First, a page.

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The 10 Best Books Of 2016 Faced Tough Topics Head On

Thursday, December 08, 2016

Book critic Maureen Corrigan says that if there's one word that characterizes her list this year, it's "serious." These books certainly aren't grim or dull, but they take on big, difficult subjects.

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Michael Chabon's 'Moonglow' Shines With Insight And Fantastic Storytelling

Wednesday, November 23, 2016

Chabon's new novel is a collection of stories in which a dying grandfather tells the secrets of his life to his grandson. Critic Maureen Corrigan calls Moonglow "violent and very funny."

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Weird, Spirited 'Pieces Of Soap' Celebrates The Essays Of Stanley Elkin

Thursday, November 10, 2016

Elkin, who died in 1995, was known for his satirical takes on American culture. Critic Maureen Corrigan reviews a new collection of essays that showcases the freshness of Elkin's work.

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Volume 3 Of Eleanor Roosevelt Biography Chronicles The Rise Of An Activist

Tuesday, November 01, 2016

Feminist historian Blanche Wiesen Cook published the first volume of her biography of Roosevelt in 1992. Critic Maureen Corrigan says the newly released final volume is exhausting and exhilarating.

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Mary Oliver Issues A Full-Throated Spiritual Autobiography In 'Upstream'

Tuesday, October 18, 2016

Oliver's latest collection of essays reflect the author's passion for nature and literature. Critic Maureen Corrigan says Upstream presents a portrait of a visionary poet — and a "tough old broad."

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A Coming-Of Age Melodrama Is Steeped In Social Politics In 'The Mothers'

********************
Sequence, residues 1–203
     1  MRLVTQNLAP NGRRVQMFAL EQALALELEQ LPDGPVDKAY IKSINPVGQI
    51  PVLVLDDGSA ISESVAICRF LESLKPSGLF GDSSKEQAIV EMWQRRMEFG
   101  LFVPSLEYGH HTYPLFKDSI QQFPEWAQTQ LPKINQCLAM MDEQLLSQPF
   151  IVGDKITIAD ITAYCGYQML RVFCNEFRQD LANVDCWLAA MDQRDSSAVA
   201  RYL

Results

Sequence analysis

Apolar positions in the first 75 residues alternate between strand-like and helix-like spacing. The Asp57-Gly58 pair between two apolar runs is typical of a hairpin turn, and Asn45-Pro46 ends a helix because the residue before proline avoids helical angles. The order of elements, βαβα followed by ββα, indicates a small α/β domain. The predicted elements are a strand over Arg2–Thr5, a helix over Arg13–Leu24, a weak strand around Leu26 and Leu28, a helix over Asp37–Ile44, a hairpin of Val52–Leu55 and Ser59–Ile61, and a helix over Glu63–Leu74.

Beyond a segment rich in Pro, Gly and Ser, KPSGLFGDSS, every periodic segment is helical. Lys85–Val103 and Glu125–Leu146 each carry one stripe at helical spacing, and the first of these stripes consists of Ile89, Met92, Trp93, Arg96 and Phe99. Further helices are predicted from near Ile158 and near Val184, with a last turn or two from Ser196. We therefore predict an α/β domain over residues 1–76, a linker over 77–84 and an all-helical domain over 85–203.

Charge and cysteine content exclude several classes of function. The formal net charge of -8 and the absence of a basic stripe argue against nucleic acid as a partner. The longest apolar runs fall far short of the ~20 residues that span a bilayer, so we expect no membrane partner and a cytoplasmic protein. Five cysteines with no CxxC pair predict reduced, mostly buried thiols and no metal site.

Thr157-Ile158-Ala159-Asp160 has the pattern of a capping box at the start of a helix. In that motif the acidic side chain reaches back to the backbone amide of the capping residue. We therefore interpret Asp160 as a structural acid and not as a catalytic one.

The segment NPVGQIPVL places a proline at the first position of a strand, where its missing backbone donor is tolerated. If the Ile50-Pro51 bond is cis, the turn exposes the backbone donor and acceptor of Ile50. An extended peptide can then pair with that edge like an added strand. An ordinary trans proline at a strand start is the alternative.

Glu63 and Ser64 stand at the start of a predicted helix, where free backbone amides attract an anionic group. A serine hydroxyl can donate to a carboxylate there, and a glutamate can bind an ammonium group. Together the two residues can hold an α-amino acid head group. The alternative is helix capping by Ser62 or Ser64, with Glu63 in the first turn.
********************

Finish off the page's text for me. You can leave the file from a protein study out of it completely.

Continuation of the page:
Tuesday, October 11, 2016

Britt Bennett's debut novel centers on three African-American friends dealing with their community's expectations and their own mistakes. Critic Maureen Corrigan says it is full of "mini epiphanies."

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A Tight, Intense Drama Unfurls Within The Confines Of A Sick Room In 'The Wonder'

Monday, October 03, 2016

Emma Donoghue's latest novel focuses on an 11-year-old girl who refuses to eat, and the nurse who is responsible for her care. Critic Maureen Corrigan says The Wonder is aptly named.

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'Eyes On The Street' Details Jane Jacobs' Efforts To Put Cities First

Wednesday, September 28, 2016

Robert Kanigel's new biography recounts the life of Jacobs, a Greenwich Village public intellectual who championed street life and community. Critic Maureen Corrigan calls it a powerful work.

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A First Year College Student Finds Himself Outclassed In 'Loner'

Wednesday, September 14, 2016

Teddy Wayne's new novel begins as a sharply observed novel of manners, but quickly mutates into a classic tale of obsession. Critic Maureen Corrigan calls Loner a powerful suspense story.

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Jonathan Safran Foer's 'Here I Am' Is Both Dazzling And Draining

Thursday, September 08, 2016

A failing marriage and a catastrophic earthquake take center stage in Safran Foer's new novel. Critic Maureen Corrigan calls Here I Am a profound work about the claims of history, identity and family.